Russia's top ag imports are beef, beverges, pork, milk, tobacco, sugar and honey, poultry, and cheese. Beverages is mainly alcohol. So take beverages and tobacco out of the picture, you've still got mostly staples. And the funny thing is, see the milk and all that meat on the list? Russia's biggest subsidies to its ag industry are *already* on its meat and dairy production, and it still vastly underproduces.

It should also be noted that the very thing that keeps Russia's ag industry competitive at all has been its steady shift from lousy Soviet-era farm equipment to modern equipment. The vast majority of which (and spare parts to keep current systems operational) are imported.

Comment: Re:and that's how we got the world of FIREFLY (Score 1) 258

by Rei (#48663367) Attached to: Serious Economic Crisis Looms In Russia, China May Help

GDP comparisons:

Major pro-sanctions players:
US: 16,8T
EU: 17,5T
Japan: 4,9T

Major anti-sanctions players:
Russia: 2,1T
China: 9,5T

Just ignoring the whole fiat currency issue and controlling the global banking system which act as large multipliers, China is simply not comparable to the economic pressure being levied against Russia.

Comment: Re:Morons should read some economic history (Score 4, Interesting) 258

by Rei (#48663327) Attached to: Serious Economic Crisis Looms In Russia, China May Help

China's in this thing with Russia for precisely one thing: China. They're taking advantage of a weakened Russia to strike deals that they never would have gotten before. A good example is the "Power of Siberia" gas pipeline deal that they signed for a few years back. China's been trying for years to get Russia to bite at bargain-basement prices that leave almost no profit for Gazprom (perhaps even a slight negative that would have to be somewhat subsidized by the government's gas royalties), and Russia had been refusing. Then they sign the exact same deal they'd been refusing a few months ago and herald it as a great victory.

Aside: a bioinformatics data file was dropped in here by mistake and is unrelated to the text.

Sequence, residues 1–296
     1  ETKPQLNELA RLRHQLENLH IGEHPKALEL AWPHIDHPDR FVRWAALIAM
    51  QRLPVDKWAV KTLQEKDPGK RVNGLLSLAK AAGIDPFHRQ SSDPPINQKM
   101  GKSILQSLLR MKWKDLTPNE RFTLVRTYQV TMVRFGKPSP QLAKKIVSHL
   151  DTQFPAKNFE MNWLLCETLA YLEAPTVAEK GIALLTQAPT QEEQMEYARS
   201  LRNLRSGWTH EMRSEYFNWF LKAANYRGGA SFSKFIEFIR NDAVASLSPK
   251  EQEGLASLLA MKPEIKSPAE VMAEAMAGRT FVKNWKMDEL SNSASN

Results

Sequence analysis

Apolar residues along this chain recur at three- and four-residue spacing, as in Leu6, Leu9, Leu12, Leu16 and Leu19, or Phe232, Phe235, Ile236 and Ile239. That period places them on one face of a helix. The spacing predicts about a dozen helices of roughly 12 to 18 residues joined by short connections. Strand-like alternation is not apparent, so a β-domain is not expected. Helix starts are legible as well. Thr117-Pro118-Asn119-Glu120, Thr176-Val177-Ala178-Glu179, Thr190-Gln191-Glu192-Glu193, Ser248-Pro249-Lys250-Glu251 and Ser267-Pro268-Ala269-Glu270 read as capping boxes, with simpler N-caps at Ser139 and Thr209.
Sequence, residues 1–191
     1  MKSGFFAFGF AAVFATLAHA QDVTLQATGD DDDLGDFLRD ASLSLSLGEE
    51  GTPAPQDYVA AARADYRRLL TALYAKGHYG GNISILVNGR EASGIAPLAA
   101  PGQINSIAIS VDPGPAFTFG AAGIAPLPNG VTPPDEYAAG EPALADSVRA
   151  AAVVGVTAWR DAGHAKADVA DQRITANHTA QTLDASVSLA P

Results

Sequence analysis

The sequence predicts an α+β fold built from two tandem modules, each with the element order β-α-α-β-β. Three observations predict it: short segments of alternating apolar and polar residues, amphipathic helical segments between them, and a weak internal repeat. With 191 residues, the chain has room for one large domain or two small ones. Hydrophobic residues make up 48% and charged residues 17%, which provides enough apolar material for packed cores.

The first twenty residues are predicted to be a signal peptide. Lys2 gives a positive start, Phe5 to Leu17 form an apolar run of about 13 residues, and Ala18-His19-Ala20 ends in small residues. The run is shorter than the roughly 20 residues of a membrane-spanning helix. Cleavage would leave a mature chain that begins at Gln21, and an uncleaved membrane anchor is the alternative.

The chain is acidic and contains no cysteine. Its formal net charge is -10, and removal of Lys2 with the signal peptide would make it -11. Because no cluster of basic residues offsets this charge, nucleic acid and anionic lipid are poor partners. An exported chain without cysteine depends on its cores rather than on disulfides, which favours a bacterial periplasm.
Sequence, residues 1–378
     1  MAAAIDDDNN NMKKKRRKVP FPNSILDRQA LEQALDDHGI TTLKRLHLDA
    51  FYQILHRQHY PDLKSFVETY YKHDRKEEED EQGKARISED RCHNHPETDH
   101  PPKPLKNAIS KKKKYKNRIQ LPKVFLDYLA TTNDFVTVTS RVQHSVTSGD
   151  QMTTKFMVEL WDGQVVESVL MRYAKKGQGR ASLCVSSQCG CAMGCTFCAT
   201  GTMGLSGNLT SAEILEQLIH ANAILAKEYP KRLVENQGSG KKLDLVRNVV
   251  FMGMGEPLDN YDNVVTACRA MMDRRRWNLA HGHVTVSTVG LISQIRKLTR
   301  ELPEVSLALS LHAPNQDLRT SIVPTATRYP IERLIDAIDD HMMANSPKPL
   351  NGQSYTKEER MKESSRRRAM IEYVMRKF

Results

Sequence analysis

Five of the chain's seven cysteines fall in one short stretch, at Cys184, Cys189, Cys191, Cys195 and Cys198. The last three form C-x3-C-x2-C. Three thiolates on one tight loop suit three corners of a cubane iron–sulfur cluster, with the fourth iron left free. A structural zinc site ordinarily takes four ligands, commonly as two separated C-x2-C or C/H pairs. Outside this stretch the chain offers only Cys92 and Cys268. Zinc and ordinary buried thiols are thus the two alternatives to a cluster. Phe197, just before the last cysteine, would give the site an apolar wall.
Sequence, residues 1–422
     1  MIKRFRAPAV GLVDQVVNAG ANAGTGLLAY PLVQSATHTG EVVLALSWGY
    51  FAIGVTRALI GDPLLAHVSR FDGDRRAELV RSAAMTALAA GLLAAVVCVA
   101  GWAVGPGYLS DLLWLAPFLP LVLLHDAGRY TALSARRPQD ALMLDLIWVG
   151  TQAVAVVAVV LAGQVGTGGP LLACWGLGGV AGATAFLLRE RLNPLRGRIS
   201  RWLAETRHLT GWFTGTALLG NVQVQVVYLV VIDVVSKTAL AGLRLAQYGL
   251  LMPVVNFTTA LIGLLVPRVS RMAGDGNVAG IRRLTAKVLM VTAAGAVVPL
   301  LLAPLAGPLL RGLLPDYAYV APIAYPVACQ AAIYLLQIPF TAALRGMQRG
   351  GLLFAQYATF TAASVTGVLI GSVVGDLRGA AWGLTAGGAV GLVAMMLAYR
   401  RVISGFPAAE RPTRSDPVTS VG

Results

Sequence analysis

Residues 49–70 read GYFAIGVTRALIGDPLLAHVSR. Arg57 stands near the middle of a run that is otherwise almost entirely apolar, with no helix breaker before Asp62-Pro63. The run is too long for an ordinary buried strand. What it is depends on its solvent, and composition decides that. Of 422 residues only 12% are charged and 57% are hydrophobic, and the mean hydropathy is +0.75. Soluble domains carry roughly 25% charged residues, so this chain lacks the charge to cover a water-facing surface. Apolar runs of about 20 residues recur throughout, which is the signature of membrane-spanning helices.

China has Russia in an excellent position and is going to squeeze every drop of potential profit out of their bad situation that they can. And Russia will herald it as a glorious blow to the west all the way down.

That said - even China's GDP doesn't compare to the sanction imposers (US + Europe + Japan + misc), all the leverage multipliers of global banking and fiat currency that the sanction imposers have aside. Even if China's goal was to break sanctions - which it's not - it's just not big enough, it's a third their size. And Russia a trivial fraction of that. And the multipliers of controlling the banking system and a fiat currency are very real. Throw trade into the picture, forget it - Moscow is closer to Newfoundland and Liberia than it is to Beijing. There's a giant barren wasteland between the two. They have a border but it's more of a barrier than a facilitator for trade.

As the very article linked by Slashdot put it:

"In the current conditions, any help is very welcome," Vladimir Miklashevsky, a strategist at Danske Bank A/S, said by e-mail. "Yet, it can't substitute the losses of the Russian banking system and economy from western sanctions."

Comment: Re:OK Google? (Score 1) 35

by squiggleslash (#48651785) Attached to: Chromebook Gets "OK Google" and Intel's Easy Migration App

Basically the idea is you walk up to your Chromebook, and without touching anything you say "OK Google what are my appointments today?"